Articulated tug barges on the Marine Highway?
Two groups are investigating the possibility of using articulated tug-barges to offer short-sea services for domestic shippers of containerized cargo in the United States.
A new company called Minyan Marine is looking at the possibility of operating a “marine highway” service between U.S. ports on the Gulf of Mexico and East Coast.
Scott Davis, a director and founder of the company, said it would focus on moving chemicals in tank containers, attracting domestic cargo now moving by rail or truck. (For more on Minyan’s plans, see the September issue of American Shipper.)
Meanwhile, the Port Authority of Maine has studied the possibility of setting up a short-sea service between Portland, Maine, and the Port of New York. That service would focus on moving products produced in Maine such as paper, pulp, lumber, frozen seafood and bottled water to domestic consumers, said Charles Cumming, a project manager at McAllister Towing and Transportation, which assisted Maine with the study. The study began last year and is ongoing.
McAllister is one of the nation’s premier tugboat companies, with operations in New York/New Jersey, Baltimore, Charleston, Jacksonville, Norfolk, Philadelphia, Port Everglades, Portland, Providence and Puerto Rico.
An advantage of short-sea shipping is that if a port warehouse is used, containers could be loaded more heavily than if they moved over the road, Cumming noted. Both services could also be used to feeder international cargo, and Davis said there is also the possibility of his company moving LNG or other petroleum products produced in growing quantities in the U.S. because of the rapid growth in fracking.
While coastal shipping of containers or truck trailers are common in many parts of the world, they have had limited success in the United States.
Earlier this month, the Port of Stockton said a weekly service between its terminal and the Port of Oakland would now be offered only on an “as-needed” basis. While the port was having discussions with container giant Mediterranean Shipping Co. about taking over the operation, if a deal was not reached by the end of August, it was likely Stockton would issue a request for proposals to see if any other private entity would be interested in assuming operational control of the barge service, said Mark Tollini, senior deputy port director.
Unlike the Oakland-Stockton service — and other services in the U.S., like the 64 Express Service between Hampton Roads and Richmond, or the various services of Columbia Coastal along the U.S. East Coast, which are primarily used to feeder international cargo arriving or destined from overseas to other U.S. ports — the Maine and Minyan projects are aimed at moving domestic cargo that now moves by rail or truck, supplemented perhaps with international shipments.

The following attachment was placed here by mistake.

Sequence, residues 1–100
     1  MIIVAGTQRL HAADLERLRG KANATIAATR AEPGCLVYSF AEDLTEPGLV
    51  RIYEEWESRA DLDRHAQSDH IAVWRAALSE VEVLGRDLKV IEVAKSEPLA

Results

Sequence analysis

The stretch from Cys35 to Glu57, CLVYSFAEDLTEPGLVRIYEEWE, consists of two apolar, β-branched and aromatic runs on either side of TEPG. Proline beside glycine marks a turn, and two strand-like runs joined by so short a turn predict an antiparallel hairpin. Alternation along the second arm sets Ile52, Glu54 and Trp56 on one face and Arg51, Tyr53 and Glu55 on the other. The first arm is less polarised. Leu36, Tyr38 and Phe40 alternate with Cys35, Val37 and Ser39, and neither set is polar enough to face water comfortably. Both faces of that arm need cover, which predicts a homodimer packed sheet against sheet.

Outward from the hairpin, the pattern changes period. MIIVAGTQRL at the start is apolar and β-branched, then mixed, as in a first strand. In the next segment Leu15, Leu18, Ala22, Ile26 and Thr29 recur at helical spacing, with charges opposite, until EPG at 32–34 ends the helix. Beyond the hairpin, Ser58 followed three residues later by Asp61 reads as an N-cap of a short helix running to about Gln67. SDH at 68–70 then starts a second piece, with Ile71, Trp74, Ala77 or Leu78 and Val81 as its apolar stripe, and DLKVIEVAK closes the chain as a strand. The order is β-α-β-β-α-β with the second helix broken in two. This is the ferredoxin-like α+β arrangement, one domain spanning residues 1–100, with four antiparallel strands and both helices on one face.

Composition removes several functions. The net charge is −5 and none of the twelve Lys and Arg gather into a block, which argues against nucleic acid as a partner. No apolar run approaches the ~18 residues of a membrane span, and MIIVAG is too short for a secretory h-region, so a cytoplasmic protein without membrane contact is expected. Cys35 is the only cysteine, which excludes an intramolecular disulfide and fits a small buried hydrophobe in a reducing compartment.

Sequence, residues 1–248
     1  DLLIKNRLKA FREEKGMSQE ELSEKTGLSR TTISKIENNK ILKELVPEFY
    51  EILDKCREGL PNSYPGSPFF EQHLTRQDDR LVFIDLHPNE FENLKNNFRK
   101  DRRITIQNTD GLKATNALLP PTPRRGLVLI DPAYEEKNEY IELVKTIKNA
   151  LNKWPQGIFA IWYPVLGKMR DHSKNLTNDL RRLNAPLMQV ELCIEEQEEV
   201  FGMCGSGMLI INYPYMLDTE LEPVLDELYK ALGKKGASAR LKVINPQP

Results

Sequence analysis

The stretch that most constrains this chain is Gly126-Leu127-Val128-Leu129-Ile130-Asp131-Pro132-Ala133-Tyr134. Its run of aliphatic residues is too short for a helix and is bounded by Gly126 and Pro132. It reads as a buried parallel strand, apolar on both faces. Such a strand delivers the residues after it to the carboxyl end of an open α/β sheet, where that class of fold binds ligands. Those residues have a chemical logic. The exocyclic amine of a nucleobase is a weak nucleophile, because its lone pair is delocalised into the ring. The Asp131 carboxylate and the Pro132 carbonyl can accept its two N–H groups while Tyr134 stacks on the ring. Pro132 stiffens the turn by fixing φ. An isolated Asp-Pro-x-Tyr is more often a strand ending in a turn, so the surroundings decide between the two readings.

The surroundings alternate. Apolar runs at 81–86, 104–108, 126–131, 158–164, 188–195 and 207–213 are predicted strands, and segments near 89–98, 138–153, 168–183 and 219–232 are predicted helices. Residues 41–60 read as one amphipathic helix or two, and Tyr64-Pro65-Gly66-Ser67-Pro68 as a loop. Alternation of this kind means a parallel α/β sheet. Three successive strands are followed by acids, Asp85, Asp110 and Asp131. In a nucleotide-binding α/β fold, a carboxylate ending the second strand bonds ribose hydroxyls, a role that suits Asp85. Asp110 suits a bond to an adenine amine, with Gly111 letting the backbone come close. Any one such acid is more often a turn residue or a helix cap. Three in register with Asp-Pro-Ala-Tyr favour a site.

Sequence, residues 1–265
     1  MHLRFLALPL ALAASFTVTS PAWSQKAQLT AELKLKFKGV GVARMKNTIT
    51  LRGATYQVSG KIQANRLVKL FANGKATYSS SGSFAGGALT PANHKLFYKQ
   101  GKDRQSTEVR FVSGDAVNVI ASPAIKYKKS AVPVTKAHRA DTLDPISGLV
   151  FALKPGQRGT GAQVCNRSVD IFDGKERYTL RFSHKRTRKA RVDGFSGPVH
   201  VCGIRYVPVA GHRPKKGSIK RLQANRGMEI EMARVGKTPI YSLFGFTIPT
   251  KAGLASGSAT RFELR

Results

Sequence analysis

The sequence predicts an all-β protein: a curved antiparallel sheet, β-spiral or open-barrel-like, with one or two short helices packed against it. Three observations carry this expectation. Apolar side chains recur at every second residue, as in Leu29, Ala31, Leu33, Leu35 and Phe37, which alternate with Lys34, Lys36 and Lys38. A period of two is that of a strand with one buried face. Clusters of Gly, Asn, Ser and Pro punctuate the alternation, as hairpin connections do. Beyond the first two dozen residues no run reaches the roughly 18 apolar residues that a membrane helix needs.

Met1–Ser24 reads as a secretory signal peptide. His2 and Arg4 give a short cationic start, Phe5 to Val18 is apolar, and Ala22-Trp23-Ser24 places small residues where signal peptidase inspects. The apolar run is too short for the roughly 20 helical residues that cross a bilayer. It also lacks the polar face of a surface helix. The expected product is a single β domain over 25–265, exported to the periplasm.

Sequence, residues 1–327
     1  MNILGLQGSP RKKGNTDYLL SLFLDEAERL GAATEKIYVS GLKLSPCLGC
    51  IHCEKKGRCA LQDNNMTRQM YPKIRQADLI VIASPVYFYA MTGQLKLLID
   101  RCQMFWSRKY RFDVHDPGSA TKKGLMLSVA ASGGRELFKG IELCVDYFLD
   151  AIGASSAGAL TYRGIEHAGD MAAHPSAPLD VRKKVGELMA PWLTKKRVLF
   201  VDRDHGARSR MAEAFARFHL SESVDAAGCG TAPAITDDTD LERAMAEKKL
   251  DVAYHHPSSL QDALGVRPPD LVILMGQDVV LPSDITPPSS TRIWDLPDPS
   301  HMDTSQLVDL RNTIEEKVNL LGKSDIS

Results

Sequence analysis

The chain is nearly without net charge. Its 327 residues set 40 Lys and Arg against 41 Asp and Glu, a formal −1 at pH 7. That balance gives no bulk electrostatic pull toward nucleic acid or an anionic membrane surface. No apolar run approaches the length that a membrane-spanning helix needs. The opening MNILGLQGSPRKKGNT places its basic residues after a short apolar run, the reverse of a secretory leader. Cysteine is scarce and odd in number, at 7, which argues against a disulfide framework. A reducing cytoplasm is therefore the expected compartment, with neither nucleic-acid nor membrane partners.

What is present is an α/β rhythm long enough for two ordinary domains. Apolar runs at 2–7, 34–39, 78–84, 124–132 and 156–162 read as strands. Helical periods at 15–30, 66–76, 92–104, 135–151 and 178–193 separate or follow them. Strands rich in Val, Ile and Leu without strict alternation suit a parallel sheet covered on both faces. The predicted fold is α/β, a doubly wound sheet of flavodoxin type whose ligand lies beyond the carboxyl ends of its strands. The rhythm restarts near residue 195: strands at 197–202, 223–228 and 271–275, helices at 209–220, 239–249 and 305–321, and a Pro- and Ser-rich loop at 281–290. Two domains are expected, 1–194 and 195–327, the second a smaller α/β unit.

McAllister assisted Maine with the study and could perhaps become a partner with the state in the service to New York, though he said there is no decision about how such a service would be structured.
Both Maine and McAllister, and Minyan Marine have worked with naval architect Robert Hill of Ocean Tug & Barge Engineering in Milford, Mass., on design of articulated tug-barges, where tugs are married with barges with special locking mechanisms.
ATBs are widely used in the petroleum industry, and Cumming said that “the operating speeds and efficiencies of the ATB concepts put them a league ahead of what traditional feeder service barge operations have been.” ATB’s can operate with smaller crews than self-propelled ships. McAllister does not operate ATB’s for the petroleum industry, but does offer assistance services to such vessels when they dock.
Minyan is proposing a tug-barge unit could operate at speeds of up 15 knots, and cargo could make it from port to port in five days, and offer deliveries door to door in seven days. Davis said the company would eventually like to use multiple barges (three tugs and five barges would be optimal, he said), so one could be in port loading and another discharging, while the others are in motion.
Minyan is considering building a barge that would have the ability to carry 1,056 TEU. Cell guides would secure the containers and also eliminate the need for time-consuming and costly lashing.
Maine and McAllister has looked at a barge that would have capacity for about 894 TEU and a tug that would be able to propel the units at 12 knots. But Cumming said such a unit could probably make a New York to Portland round trip in a week with a normal operating speed of between 9 knots and 10 knots. The Minyan barge hull form would allow for faster speeds, he said.
Cumming said it might be several years before such a service could be started, in part because U.S. shipyards are congested building new vessels for the Jones Act petroleum industry. When the concept was first investigated, the estimated cost of a barge was about $40 million and a tug about $25 million, but because of rising costs, he said the units might be considerably more expensive if ordered today.